The act of 1812 was designed to enable the owner of slaves in either of the two counties, within the district, to hire or employ them in the other. And this is the full purport of its provision on this subject. It clearly does not authorize a citizen of Washington to go to the county of Alexandria, purchase a slave and bring him to Washington county for any purpose, much less for the purpose of sale, as found by the jury in this case. If this could be done, it would subvert the whole policy of the Maryland law, which was to prevent, except in specified cases, the importation of slaves into the state. And Congress, by adopting the Maryland law, sanctioned its policy.
It is true that the two counties of this district are under the same political organization, and, in a certain sense, constitute one sovereignty. But this can have no effect upon the question under consideration. It depends exclusively upon the laws referred to. No views of policy or of supposed convenience can enter into the decision.
The case of the Bank of Alexandria v. Dyer, 14 Pet., 141, has been relied on by the plaintiff in error, as showing that the counties of Washington and Alexandria, being united under the same government, cannot be considered as foreign to each other.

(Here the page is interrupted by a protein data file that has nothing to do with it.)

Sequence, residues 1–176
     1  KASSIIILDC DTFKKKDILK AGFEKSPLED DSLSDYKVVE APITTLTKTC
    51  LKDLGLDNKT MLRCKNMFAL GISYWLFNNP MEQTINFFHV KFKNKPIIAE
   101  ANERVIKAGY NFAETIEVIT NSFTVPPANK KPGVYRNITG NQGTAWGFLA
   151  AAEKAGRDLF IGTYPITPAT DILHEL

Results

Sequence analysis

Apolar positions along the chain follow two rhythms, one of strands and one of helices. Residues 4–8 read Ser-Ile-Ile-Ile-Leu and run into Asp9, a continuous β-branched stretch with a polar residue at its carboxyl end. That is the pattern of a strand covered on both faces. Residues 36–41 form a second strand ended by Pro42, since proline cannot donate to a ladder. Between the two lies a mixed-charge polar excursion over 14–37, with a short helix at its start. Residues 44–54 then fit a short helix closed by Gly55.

That was a case where the statute of limitation was pleaded to a suit in Washington county. The plaintiffs replied that they were citizens of Alexandria, &c., to which the defendant demurred. And on this state of the pleading the question was, whether the plaintiffs were beyond seas, within the meaning of the Maryland statute. The court held that they were not; ‘that the counties of Washington and Alexandria resemble different counties in the same state; and do not stand towards one another in the relations of distinct and separate governments.’
The words ‘beyond seas,’ in the Maryland statute, were borrowed from the statute of James 1, ch. 21, and have generally been construed in this country not literally, but as meaning, ‘without the jurisdiction of the state.’ Now, in reference to this construction, the decision of the court was correct, but it can have no direct bearing upon the question under consideration. That the District of Columbia must be considered as exercising the same general jurisdiction in both counties, is undoubted; but the rights of its citizens are not governed by the same laws. The counties of Washington and Alexandria, excepting the modification made by the act of 1812, are as foreign to each other, as regards the importation of slaves, as are the states of Virginia and Maryland. Such we understand to be the settled doctrine of the Circuit Court of this district. And this is no unsatisfactory evidence of what the law is. An acquiescence of many years in a course of decision involving private rights, should not be changed except upon the clearest ground of error.